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Re: Blanco side sprayer fell off the hose
If the sprayer fell off the hose and you see no threads to screw it back on with, then the retainer clip has gone bad. Unscrew the sprayer at the bottom of the piece that came off the hose. There should be a little metal clip. That clip holds the sprayer on the hose. If the clip came off once it will again. Buy a new sprayer assembly with a new clip, unless someone has one sitting around.
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You need to turn the water off under the sink. Disconnect the sprayer hose from the threaded shank under the center of the faucet body. Pull the spray head out of the faucet. Contact Blanco to receive your faucet parts free.
The reason it is hard to turn from side to side is the top nut located under the lever is too tight and the the weight does go around the flex line that leads to the faucet but is only the to pull the sprayer back in place.
Turn your water supply off to the existing faucet.
With a crescent wrench and plyers remove the supply tubes from the shut off valves.
Unthread the sprayer hose that is attached to the brass connector under neath your faucet in the cabinet.
Unthread the lock nut and fastening plate which is on the same brass fitting as your spray hose.
Remove faucet from the sink.
Reinstall the new faucet in the reverse order.
Hello. The side spray base is held in place with a washer and a nut on the underside of the sink. Sometimes this nut gets a bit corroded and can be difficult to remove. Here is what you will need to do. Borrow or purchase a faucet wrench. These are available at all hardware stores, home depot, lowes. Also get a can of a lubricating spray called WD 40. This is sometimes a two person job so call a friend. One person under the sink and one above, use the faucet wrench to grab ahold of the nut surrounding the hose. As you are looking up at it it will come off by turning it counter clockwise. If it doesn't come right off spray it with WD-40 and leave it for 30 minutes while the penetrating oil does it's magic.
You will also have to unscrew the sprayer and pull off the little metal keeper that will keep the hose from sliding through the opening.
Once these things are done you will have removed the old base and you will be ready to replace it by reversing the steps. Regards, Joe
PS kindly rate my answer. thank you.
Disconnect hose from sprayer unscrew nut on sprayer head remove washers and you will see a small c shaped clip get that apart then remove hose and thread it back on under sink and feed it back up through sink and reconnect to sprayer
pull the sprayer out, get some plyers or a wrench and losen up the connection. between the hose and the sprayer there is usually a screen take it out and walla it should take care of you, it also helps to leave the sprayer in some lime away or vinegar for a few hrs to get the hard water losened up in it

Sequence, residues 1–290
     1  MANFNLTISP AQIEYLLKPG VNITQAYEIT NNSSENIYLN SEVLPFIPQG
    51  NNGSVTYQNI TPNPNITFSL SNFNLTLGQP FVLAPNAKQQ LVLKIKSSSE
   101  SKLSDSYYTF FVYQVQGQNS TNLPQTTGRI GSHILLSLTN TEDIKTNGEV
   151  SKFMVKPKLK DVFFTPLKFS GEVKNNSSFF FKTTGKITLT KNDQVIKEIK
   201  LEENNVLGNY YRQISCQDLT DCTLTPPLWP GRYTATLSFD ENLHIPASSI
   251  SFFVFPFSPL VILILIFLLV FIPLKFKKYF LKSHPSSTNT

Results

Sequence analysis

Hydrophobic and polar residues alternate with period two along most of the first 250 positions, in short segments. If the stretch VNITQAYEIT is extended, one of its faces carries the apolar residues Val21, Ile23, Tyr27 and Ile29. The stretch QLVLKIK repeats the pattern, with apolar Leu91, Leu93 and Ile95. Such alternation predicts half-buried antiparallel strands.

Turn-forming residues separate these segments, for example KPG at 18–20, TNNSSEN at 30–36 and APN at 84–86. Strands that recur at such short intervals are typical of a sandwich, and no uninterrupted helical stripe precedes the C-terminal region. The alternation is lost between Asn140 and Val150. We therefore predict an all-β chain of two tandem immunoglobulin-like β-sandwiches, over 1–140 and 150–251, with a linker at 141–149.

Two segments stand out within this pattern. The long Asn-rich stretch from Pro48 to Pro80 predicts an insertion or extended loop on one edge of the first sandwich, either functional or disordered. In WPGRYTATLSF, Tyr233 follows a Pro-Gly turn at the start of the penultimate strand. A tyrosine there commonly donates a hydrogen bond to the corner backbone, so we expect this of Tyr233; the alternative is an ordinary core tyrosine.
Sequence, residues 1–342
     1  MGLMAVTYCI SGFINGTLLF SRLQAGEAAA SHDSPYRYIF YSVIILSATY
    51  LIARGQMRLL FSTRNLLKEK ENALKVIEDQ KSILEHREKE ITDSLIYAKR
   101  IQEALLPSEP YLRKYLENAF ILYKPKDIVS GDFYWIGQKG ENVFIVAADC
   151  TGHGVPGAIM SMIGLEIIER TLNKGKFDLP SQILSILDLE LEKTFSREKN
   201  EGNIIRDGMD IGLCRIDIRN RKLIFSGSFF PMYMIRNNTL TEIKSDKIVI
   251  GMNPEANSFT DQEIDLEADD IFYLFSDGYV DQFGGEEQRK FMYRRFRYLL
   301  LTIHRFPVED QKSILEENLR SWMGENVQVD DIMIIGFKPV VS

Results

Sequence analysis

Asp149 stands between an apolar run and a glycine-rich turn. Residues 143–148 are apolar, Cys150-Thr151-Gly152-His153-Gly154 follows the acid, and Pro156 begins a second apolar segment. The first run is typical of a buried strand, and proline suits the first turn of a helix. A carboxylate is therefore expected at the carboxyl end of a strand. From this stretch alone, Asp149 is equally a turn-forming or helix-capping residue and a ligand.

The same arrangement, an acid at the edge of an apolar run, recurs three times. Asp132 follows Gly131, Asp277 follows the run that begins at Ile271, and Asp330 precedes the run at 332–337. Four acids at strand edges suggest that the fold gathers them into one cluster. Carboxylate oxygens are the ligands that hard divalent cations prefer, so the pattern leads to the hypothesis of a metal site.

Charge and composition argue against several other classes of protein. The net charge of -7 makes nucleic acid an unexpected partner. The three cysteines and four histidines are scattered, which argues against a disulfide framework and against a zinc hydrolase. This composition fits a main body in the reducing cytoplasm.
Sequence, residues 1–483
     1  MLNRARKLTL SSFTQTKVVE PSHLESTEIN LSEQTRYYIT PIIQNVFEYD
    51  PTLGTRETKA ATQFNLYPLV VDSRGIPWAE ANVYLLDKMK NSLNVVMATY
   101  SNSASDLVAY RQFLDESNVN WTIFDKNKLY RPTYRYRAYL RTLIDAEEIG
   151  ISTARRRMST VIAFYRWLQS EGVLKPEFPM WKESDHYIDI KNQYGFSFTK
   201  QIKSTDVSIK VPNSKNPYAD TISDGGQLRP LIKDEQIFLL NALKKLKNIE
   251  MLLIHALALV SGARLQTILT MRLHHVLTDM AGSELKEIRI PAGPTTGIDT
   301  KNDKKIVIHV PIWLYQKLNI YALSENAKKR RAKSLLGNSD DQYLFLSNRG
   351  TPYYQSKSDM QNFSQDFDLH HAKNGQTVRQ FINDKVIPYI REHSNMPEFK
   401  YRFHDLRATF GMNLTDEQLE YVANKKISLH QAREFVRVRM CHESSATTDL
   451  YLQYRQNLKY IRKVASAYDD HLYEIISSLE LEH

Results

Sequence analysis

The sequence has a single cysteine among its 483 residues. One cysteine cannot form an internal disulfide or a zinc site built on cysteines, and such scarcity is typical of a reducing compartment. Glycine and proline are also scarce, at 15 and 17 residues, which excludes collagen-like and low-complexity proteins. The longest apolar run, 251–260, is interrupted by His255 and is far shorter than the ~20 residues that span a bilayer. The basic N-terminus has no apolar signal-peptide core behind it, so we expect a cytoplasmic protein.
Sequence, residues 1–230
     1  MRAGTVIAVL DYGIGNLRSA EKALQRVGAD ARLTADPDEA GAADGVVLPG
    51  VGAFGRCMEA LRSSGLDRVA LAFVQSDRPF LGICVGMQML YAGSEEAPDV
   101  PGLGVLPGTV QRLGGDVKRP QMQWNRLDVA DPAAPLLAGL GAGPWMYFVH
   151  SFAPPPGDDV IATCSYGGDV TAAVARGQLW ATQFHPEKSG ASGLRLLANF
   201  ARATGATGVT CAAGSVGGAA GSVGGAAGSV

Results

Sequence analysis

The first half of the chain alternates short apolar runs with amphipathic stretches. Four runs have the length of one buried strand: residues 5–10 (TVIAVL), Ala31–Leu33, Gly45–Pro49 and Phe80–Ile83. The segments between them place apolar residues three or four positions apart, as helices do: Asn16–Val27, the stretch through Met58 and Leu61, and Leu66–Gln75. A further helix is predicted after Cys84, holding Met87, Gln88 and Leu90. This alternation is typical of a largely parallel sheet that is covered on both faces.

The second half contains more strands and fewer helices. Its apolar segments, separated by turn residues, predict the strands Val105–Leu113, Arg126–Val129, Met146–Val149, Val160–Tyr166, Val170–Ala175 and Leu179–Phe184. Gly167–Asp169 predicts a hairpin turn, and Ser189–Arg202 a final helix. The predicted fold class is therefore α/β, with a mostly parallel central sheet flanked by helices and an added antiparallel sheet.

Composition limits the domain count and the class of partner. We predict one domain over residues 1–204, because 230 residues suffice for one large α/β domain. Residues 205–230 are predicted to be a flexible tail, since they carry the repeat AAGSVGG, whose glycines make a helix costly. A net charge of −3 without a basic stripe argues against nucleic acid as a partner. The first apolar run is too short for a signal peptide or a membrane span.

It may be a result of extreme temperature changes from the time you tightened the shank until the time it broke however this is very unlikely.Typically the shank only needs to be tightened until it is stationary and immovable by normal operating stresses which is a very low torque value. As a general rule of thumb I use finger tight and an additional quarter turn. I once used epoxy and a short nipple to resolve the same issue but I had the advantage of having a pipe threading machine to fabricate the perfect size nipple and used a large washer and coupling to finish it off. If you try a new shank try tightening it as little as possible and I believe this will resolve the issue. Thanks for using Fix Ya and I hope this is of assistance to you.
Many new faucets require some assembly before mounting to the sink; if that is the case, follow the manufacturer's directions. With most pullout sprayer faucets, the sprayer needs to be threaded through the faucet body first. Insert the rubber gasket between the base plate of the faucet and the sink top to create a watertight seal. If no gasket is provided, pack the cavity of the faucet with plumber's putty, then insert the faucet body through the holes in the sink top. Thread the mounting nuts provided onto the faucet shafts, then center the threaded shafts in the sink's holes and tighten the nuts firmly. Many manufacturers include a special long socket specifically to aid in tightening the mounting nuts. A hole in the socket accepts the shank of a screwdriver, guiding it as you tighten the nuts. If you're mounting the faucet on an installed sink, use this method. If you're installing a pullout sprayer faucet--or a faucet with a separate sprayer--now is the time to connect the sprayer to the faucet body. Check the manufacturer's directions to see if using pipe-wrap tape for this connection is recommended. Use an adjustable wrench to tighten the connection. Most pullout sprayer faucets and faucets with separate sprayers come with a counterweight that attaches to the sprayer hose. This weight helps retract the hose back in to the sink cabinet after you've used the sprayer. Follow the manufacturer's directions on where to secure the weight, and take care not to crimp the hose as you attach the weight. Hook up the faucet's hot and cold supply lines to the water supply shutoff valves under the sink. If necessary, gently bend the copper tubes coming out of the faucet for better access and connect flexible supply tubes to them. Simply wrap a couple of turns of pipe-wrap tape around the threaded nipples on the valves and connect the tubes. Tighten the nuts with an adjustable wrench.